From Jay Resio, CEO of SpineNation

Has anyone ever heard that an enlarged ligament could cause back pain? As the CEO of SpineNation, a digital health and wellness company developing innovative products and services to empower people to overcome their back, neck, and spine conditions, I’m always trying to stay apprised of any and all options for potential treatment and innovations for my community.

More than 72.3 million adult Americans (that’s nearly 28% of the population) self-report they have chronic low back pain, or CLBP. That’s more people than report pain from arthritis (58.6 million), diabetes (37.3 million), or heart disease (30.3 million).

In addition, according to a recent Harris poll, 27 million Americans have never been told by a health care professional what exactly caused their CLBP and 78% of adult Americans with CLBP do not know an enlarged ligament can be the cause. Clearly, there are many misconceptions about chronic low back pain, its potential cause, symptoms, and treatment options. Sadly, while over 76% say that CLBP has interfered with their ability to complete everyday tasks, nearly 8 out of 10 (or 78%) have accepted their CLBP as part of their life.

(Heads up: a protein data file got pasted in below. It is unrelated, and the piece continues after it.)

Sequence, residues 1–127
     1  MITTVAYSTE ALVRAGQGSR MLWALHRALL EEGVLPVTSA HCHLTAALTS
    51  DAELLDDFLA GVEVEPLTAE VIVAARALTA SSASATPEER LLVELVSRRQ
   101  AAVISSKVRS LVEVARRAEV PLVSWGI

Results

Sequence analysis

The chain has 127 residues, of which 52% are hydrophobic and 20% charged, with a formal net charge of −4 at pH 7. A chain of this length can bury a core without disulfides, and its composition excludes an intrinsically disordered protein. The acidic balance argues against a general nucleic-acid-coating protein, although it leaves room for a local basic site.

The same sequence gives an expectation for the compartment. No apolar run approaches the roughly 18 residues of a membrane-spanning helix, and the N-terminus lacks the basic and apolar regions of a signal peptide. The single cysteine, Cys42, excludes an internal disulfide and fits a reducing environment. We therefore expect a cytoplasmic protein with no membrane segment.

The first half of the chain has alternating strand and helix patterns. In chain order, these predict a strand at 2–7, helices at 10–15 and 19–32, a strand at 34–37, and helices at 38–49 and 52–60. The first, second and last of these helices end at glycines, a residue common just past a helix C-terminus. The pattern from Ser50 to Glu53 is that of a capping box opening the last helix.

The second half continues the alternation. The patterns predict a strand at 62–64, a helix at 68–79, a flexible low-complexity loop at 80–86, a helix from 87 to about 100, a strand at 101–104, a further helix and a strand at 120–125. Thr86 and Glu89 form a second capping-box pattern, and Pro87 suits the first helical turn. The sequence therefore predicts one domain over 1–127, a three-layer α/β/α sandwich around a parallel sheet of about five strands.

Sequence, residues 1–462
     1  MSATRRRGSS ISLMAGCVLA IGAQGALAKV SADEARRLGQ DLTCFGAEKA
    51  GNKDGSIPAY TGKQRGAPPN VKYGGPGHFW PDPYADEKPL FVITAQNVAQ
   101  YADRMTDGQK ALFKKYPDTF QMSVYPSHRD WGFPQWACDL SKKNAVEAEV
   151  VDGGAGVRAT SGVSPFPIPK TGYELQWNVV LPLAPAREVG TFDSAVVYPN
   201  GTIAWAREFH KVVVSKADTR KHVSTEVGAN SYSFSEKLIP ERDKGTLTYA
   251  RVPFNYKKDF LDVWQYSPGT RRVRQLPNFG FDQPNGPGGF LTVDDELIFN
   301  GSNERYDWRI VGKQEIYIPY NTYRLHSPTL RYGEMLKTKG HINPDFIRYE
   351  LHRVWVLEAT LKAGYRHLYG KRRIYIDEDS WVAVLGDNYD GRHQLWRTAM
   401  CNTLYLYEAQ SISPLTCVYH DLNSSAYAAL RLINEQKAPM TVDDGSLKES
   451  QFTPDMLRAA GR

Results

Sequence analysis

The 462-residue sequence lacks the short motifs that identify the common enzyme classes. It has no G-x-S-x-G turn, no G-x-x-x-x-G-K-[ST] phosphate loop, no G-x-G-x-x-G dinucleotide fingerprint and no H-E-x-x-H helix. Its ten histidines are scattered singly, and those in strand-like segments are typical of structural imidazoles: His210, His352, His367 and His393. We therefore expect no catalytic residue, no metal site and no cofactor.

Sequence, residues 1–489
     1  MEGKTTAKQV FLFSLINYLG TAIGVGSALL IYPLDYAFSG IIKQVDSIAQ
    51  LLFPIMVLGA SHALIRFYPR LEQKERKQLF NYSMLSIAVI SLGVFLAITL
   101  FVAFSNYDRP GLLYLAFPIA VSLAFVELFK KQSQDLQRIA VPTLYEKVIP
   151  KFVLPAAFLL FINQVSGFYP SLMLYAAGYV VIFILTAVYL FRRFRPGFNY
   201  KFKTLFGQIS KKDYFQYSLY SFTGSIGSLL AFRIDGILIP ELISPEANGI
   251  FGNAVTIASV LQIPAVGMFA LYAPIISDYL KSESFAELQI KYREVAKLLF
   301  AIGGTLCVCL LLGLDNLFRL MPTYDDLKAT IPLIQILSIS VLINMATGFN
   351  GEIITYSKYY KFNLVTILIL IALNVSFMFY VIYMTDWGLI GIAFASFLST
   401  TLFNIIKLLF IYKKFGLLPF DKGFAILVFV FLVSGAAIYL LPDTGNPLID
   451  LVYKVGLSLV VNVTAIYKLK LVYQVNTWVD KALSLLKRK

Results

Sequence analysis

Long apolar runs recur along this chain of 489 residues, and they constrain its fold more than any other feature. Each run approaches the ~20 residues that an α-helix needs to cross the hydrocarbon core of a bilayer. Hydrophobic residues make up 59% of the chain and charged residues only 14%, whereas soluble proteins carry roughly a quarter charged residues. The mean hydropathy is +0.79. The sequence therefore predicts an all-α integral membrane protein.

Lumbar spinal stenosis (LSS) is a condition in which the lower spinal canal narrows and compresses the nerves in the lower back. Up to 85% of spinal canal narrowing is caused by an enlarged ligament. People with LSS typically experience a variety of symptoms that affect daily life, including low back and leg pain and limited mobility. People with LSS often feel pain, numbness, tingling, or heaviness when standing or walking that is relieved by sitting, bending forward, or sleeping curled in the fetal position.

However, for those suffering from this condition, help is on the way. There is a new treatment, one that doesn’t involve using opioids. The American Society of Pain and Neuroscience (ASPN) identified an educational need for guidance on the prudent use of minimally invasive surgical therapies for the treatment of symptomatic LSS. The mild Procedure, as it is named, is an FDA-cleared early treatment option that addresses a major root cause of LSS—primarily a degenerative, age-related narrowing of the lower spinal canal that causes symptoms of pain and numbness in the lower back, buttocks, and legs. This procedure treats this condition by removing excess ligament tissue, restoring space in the spinal canal with a short, outpatient procedure that does not require anesthesia, implants, stitches, steroids, or opioids. Recovery time is typically less than 24 hours and doesn’t eliminate options for future surgeries if necessary. And this procedure is covered by most health care insurances nationally.

I encourage everyone that suffers from LSS or CLBP to learn more about the mild Procedure and consult with your physician to explore if you are a candidate for treatment. You can visit for more details.